Ring Tum Ditty

Rarely do I write about food with only a recipe attached. There’s always a back story involving tradition, hospitality, family, and friends. Even if food prep means a tired mom or dad cobbling together leftovers to hurriedly get dinner on the table, it’s done to feed the hungry family, with love.

Isabelle Kelley, my mother-in-law, introduced me to Ring Tum Ditty. I was never sure of its spelling but I went along with it. An Internet search shows many variations of Ring Tum Ditty, but it’s usually a combination of inexpensive ingredients, tomatoes being one, and it’s meat free. It’s a simple dish Bella grew up on during the Depression, but more recently, something she made for her 11 children, most likely during Lent as a meat-less meal.

Bella didn’t rush when she prepared the ingredients with her delicate and feeble hands. Ring Tum Ditty is a comfort food and the secret’s in the Worcestershire Sauce.

The Last Memory of Ring Tum Ditty
Almost 10 years ago, I gathered the ingredients and called Bella thinking I might stop in during my lunch break, make some Ring Tum Ditty, and have a visit.

Oddly, my brother-in-law Mike answered the phone instead of Bella. I told him my lunch plan. In his usual way (he’s a fireman so he’s always steady and calm), he said, “What a nice idea, I know mom would like that but I am going to take her over to the hospital right now.”

Bella, in her 80s, never returned to her home after that day. Her 11 children all came to be with her and she passed away peacefully to join her husband in eternal life.

I’ve never forgotten that day tied up in the memory of a tomato soup-cheese-cracker combination. Every time I make the dish, I think of Bella, the big Kelley family, and being so darn lucky to be a part of it! It’s Lent, and Ring Tum Ditty makes its usual appearance.

Today’s writing is for all our departed loved ones and memories of good food, good times, and good people. Do you have a memory or recipe you would like to share? Respond to this blog or email me at bagkelley@gmail.com.

Bella’s Ring Tum Ditty

  • 1 can Campbell’s®Tomato Soup, condensed version, mixed according to the directions on can
  • 1-1/2 cup shredded sharp cheddar cheese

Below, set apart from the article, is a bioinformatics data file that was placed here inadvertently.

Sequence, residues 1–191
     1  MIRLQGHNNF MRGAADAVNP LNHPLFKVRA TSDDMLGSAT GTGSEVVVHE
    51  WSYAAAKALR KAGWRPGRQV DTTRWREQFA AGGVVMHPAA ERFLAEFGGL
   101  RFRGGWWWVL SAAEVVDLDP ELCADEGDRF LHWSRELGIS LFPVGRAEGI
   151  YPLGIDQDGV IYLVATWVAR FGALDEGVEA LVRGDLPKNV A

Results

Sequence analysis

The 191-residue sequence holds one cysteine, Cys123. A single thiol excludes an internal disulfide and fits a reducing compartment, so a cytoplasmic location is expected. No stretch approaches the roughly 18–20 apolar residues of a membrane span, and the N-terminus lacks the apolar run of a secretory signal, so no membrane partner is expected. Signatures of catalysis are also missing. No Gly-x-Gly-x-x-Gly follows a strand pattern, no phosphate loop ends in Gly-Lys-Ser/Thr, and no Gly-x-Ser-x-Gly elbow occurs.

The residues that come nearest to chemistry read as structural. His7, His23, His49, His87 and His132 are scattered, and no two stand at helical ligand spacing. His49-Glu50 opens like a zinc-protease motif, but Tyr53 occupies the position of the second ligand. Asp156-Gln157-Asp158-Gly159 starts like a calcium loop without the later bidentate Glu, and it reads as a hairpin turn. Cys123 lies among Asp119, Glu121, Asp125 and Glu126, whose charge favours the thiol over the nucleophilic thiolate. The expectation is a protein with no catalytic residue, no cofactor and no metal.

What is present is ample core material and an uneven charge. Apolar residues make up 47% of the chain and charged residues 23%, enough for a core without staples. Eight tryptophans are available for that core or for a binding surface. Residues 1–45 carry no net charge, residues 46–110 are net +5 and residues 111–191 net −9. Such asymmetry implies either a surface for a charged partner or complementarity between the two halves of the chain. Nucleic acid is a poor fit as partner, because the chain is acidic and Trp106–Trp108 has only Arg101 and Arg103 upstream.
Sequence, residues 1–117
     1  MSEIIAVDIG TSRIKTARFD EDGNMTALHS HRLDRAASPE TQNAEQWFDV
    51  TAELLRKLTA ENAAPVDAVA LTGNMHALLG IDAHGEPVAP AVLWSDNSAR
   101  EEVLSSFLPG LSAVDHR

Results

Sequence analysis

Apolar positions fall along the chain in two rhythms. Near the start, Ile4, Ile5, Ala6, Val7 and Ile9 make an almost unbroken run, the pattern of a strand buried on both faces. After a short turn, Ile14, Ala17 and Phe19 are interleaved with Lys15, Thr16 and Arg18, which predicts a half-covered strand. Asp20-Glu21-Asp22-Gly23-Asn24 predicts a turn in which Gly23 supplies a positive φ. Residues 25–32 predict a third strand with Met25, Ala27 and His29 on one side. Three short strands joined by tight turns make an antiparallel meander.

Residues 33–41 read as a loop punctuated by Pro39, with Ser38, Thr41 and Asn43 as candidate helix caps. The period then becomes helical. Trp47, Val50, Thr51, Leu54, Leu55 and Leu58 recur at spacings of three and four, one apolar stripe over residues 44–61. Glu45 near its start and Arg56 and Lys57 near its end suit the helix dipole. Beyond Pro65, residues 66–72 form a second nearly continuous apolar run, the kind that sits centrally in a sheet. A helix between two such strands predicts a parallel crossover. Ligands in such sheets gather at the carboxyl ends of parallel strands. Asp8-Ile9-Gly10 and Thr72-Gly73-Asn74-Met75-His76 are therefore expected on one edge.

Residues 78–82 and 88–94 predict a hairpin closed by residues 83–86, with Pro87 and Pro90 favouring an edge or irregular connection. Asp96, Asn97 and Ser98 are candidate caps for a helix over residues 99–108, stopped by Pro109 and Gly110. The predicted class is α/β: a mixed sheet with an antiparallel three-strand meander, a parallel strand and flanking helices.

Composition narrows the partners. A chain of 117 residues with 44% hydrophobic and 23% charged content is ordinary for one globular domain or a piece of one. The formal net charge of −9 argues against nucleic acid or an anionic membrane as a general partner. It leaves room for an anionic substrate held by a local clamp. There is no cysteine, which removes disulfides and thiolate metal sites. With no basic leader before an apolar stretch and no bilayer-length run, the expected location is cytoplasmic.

• Saltine crackers, about one cup in each bowl, or to taste
  • Worcestershire Sauce®, to taste

Heat soup according to the directions on the can. Add the shredded cheddar cheese and simmer on low until all the cheese in melted throughout. Keep warm.

Crumble saltine crackers in an individual soup bowl.

Pour hot soup over the crackers. Stir to absorb soup. Add more or less soup and/or crackers until desired consistency. Top with Worcestershire sauce and eat.

Yield: 2 servings

Leprechaun Hats

An Irish colleen (from the Irish cailín, meaning girl) just came a knockin’ at mee door with some leprechaun hats—edible that is!

“Me and the wee ones made ’em up quite quick,” she said.

Here is Marion Devlin’s recipe for Leprechaun Hats. (At Thanksgiving they become pilgrim hats and, at Christmas, they become Santa Claus hats! She’s a clever colleen!)

Leprechaun Hats


Arrange Fudge Stripe Cookies on a baking sheet with chocolate side up (stripes down).

Melt white and dark chocolate according to package directions; keep warm for dipping in separate bowls.

Dip marshmallows in chocolate and place on top of Fudge Stripe Cookies. Top with green sprinkles. Cool to room temperature.

Basket O’ Blarney

How about taking a basket of St. Patrick’s Day cheer to someone? That’s what we did today. I took two boys, each fortuituously named Patrick (one being our son and his friend), and we visited someone who really appreciated an Irish picnic lunch. Here’s what to put in your basket if you get inspired.

  1. Irish soda bread. Click here for my recipe
  2. Butter, unsalted, whipped (Land O’ Lakes makes it in an easy-to-carry tub)
  3. Corned beef, sliced for sandwiches, recipe below
  4. Swiss cheese, sliced for sandwiches
  5. Mustard
  6. Pumpernickel/rye bread and croissants for sandwiches
  7. Shamrock cookies
  8. Strawberries
  9. Irish tea
  10. Beverage of your choice
  11. Paper products — festive plates, napkins, forks, knives, cups (all for easy clean-up, take your own trash bag and leave no trace)
  12. Tablecloth, green preferably
  13. St. Patrick, if you happen to have a little statue of the Irish saint
  14. Last, take along a happy spirit and your smiling Irish eyes!
    Package the shamrock cookies in cellophane bags with ribbon

    Package the shamrock cookies in cellophane bags with ribbon.

Best Corned Beef with Glaze

  • Corned beef brisket
  • 1/2 cup orange marmalade
  • 1/2 cup grainy mustard